Humans , Female , Child , Tooth Erosion/etiology , Dental Enamel/chemistry , Vomiting/complications , Tooth Erosion/prevention & control , Dentin Sensitivity/etiology , Dentin Sensitivity/prevention & control
Article in Spanish | LILACS | ID: lil-592012


Objetivo: El objetivo de este estudio clínico fue evaluar y comparar la eficacia en la reducción de la hipersensibilidad dentinaria de la arginina al 8 por ciento-carbonato de calcio, monofluorfosfato (1.450 ppm) en comparación con un grupo control tratado en base a un barniz de flúor (22.600 ppm) y un dentífrico fluorado (1.450 ppm), 3 veces al día durante un minuto, en pacientes con hipersensibilidad radicular en forma inmediata a la terapia periodontal mecánica (medición basal) y a las 4 semanas respectivamente. Materiales y Método: Estudio clínico aleatorizado de grupos paralelos, con 4 semanas de seguimiento, en el cual se reclutaron 20 pacientes con diagnóstico de periodontitis crónica leve a moderada, en tratamiento periodontal mecánico con presencia de recesiones gingivales a nivel de incisivos, caninos o premolares. A todos ellos, previa firma de consentimiento informado y en forma inmediata a los pulidos radiculares, se les aplicó el test térmico de chorro de aire con la jeringa de aire de la unidad dental a nivel de las recesiones gingivales con hipersensibilidad. La molestia o dolor fue determinado mediante la utilización de una escala visual análoga, realizada en forma inmediata a los pulidos radiculares (medición basal). Los pacientes fueron aleatoriamente asignados a uno de los siguientes grupos: grupo control, se les aplicó barniz de flúor (22.600 ppm) en todas las recesiones gingivales y se les indicó un dentífrico fluorado (1.450 ppm); grupo experimental, a quienes se les aplicó pasta tópica de arginina y carbonato de calcio (8 por ciento) a nivel de las recesiones gingivales, complementado con el uso de un dentífrico cuyo componente activo es la arginina al 8 por ciento-carbonato de calcio. Todos los pacientes fueron evaluados 4 semanas posterior a la aplicación y utilización domestica de los agentes des-sensibilizantes por un único examinador. Resultados: Ambos grupos experimentaron una disminución en la sensibilidad dentinaria, sin...

Aim: The aim of this clinical study was to evaluate and to compare the efficacy in reducing the dentine hypersensitivity of an 8 percent arginine, calcium carbonate, 1.450 ppm sodium monofluorophosphate dentifrice with topical application and twice-daily brushing, with a negative control toothpaste containing calcium carbonate and 1.450 ppm fluoride as MFP, after periodontal treatment (baseline) and four weeks respectively. Methods: A four-week clinical study with 20 subjects with diagnosis of slight to moderate chronic periodontitis under mechanical periodontal treatment and presence of gingival recessions in incisors, canines or premolars, stratified based on baseline tooth sensitivity. Subjects brushed with either a 1.450 ppm fluoride dentifrice or a marketed 8 percent arginine calcium carbonate dentifrice twice daily for approximately one minute. At screening, baseline and weeks four, subjects' tooth sensitivity was determined through both evaporative (Schiff and Visual Analogue Scale [VAS]). The same examiner throughout the study performed subject assessments using each stimulus. Results: Both subject groups exhibited significant reductions from baseline to four weeks in dentine hypersensitivity. However, patients who received 8 percent arginine calcium carbonate therapy, exhibited a greater reduction, with a 60 percent of individuals lacking of pain and with a final median of 0 in comparison with the 5 percent fluoride varnish and fluoride toothpaste group in which a 100 percent of subjects felt some degree of pain, presenting a final medium VAS scale of 2.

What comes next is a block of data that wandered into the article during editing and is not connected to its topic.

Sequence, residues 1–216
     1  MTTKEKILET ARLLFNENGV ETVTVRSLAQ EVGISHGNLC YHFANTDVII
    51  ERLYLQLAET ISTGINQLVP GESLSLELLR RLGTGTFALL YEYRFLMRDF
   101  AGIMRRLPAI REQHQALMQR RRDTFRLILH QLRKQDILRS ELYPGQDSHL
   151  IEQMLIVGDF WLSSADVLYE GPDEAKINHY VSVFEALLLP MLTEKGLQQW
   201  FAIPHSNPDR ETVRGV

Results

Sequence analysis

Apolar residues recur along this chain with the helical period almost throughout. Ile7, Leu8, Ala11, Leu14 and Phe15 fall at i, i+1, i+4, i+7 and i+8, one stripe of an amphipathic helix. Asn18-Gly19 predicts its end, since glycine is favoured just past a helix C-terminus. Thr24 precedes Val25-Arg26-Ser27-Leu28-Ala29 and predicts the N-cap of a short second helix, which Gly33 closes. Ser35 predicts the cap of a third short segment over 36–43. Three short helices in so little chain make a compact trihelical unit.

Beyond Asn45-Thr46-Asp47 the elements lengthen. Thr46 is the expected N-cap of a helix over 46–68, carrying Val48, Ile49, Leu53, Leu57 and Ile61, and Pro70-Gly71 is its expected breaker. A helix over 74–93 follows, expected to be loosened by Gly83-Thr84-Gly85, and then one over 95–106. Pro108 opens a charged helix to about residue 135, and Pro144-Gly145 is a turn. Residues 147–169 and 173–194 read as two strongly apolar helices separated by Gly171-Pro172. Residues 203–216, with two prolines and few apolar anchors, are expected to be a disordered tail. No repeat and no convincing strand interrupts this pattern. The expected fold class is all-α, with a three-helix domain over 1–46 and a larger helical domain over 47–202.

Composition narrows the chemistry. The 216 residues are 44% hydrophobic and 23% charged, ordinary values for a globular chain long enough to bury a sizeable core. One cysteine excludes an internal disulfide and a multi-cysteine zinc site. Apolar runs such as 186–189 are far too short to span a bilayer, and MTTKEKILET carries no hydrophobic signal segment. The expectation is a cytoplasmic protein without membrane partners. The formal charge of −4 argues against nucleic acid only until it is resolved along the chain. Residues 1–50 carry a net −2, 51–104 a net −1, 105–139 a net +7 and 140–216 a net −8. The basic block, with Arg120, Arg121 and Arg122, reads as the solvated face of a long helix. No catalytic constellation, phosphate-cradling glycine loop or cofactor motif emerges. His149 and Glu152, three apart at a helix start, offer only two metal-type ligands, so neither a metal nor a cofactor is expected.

Humans , Male , Female , Adolescent , Adult , Middle Aged , Arginine/therapeutic use , Calcium Carbonate/therapeutic use , Dentin Desensitizing Agents/therapeutic use , Sodium Fluoride/therapeutic use , Dentin Sensitivity/drug therapy , Pain Measurement , Toothpastes/therapeutic use , Dental Scaling/adverse effects , Dentin Sensitivity/etiology , Dentin Sensitivity/prevention & control , Treatment Outcome
Rev. dental press estét ; 6(1): 32-42, jan.-mar. 2009. ilus
Article in Portuguese | LILACS, BBO | ID: lil-543712


Um sorriso com dentes brancos estabelece o padrão de beleza do mundo atual. Indica saúde, auto-estima e acrescenta algo excepcionalmente fantástico à percepção da beleza de uma pessoa. A recromia dentária tem sido descrita como a técnica mais utilizada no contexto da Odontologia Estética. O procedimento pode ser realizado com duas técnicas distintas: caseira e de consultório. Mais recentemente, foi lançado um upgrade para a recromia assistida pelo profissional no consultório, com a utilização de fontes híbridas de lasers-leds para ativação de um novo gel clareador. Este artigo tem por objetivo descrever uma técnica para recromia dentária, com um novo gel à base de peróxido de hidrogênio a 25% com urucum e juá, associado à ativação luminosa híbrida, com ausência de sensibilidade, que é um dos efeitos colaterais mais indesejáveis descritos pelos pacientes.

Humans , Female , Adult , Tooth Bleaching/methods , Lasers , Smiling , Esthetics, Dental , Radiography, Dental , Dentin Sensitivity/prevention & control
Braz. oral res ; 23(supl.1): 56-63, 2009.
Article in English | LILACS | ID: lil-528430